Stocks Sink on Fed Worries, China Data

U.S. stocks opened with steep losses on Thursday, as fears over a tapering of the Federal Reserve’s bond-buying program and weak Chinese economic data sent investors fleeing from stocks. The Dow Jones Industrial Average lately dropped 110.89 points, or 0.72%, to  15,196.28.  The S&P 500 index declined 17.59 points, or 1.06%, to 1,637.76 and the Nasdaq Composite fell 34.92 points, or 1.01%, to 3,428.38.

China’s factory activity shrank for the first time in seven months in May as new orders fell, a preliminary manufacturing survey showed, entrenching fears that its economic recovery has stalled and that a sharper cooldown may be imminent. The flash HSBC  Purchasing Managers’ Index (PMI) for May fell to 49.6, slipping under the 50-point level demarcating expansion from contraction for the first since October.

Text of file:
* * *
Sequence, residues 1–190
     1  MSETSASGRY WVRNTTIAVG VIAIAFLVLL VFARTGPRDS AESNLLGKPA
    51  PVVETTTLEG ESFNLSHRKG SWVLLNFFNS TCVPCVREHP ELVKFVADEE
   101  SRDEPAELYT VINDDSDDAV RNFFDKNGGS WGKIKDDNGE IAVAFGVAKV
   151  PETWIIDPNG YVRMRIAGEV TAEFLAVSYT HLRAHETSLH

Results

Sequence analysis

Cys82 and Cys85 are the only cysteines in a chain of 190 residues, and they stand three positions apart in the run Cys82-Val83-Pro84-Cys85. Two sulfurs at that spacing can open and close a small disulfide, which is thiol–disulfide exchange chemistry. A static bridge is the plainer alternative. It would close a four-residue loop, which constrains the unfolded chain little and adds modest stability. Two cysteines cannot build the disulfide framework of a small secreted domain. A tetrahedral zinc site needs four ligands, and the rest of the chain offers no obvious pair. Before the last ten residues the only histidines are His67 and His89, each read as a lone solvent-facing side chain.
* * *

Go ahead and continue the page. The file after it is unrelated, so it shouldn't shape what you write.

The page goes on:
The number of Americans filing new claims for unemployment benefits fell more than expected last week, pointing to resilience in the labor market despite belt-tightening by Washington. Initial claims for state unemployment benefits dropped 23,000 to a seasonally adjusted 340,000, the Labor Department said on Thursday, pushing back below the 350,000 mark that economists normally associate with a firming job market.

The U.S. flash manufacturing purchasing managers’ index fell to a 51.9 reading in May from 52.1 in April, Markit said Thursday. This is the lowest reading since last October. Details of the report were mixed. New orders improved in May, but employment grew at the slowest rate in seven months.

Ford Motor Co (F.N) will shut its two Australian auto plants in October 2016, blaming a strong currency and costs that are hitting manufacturers just as the country looks for other sectors of its economy to cushion the end of a mining boom.

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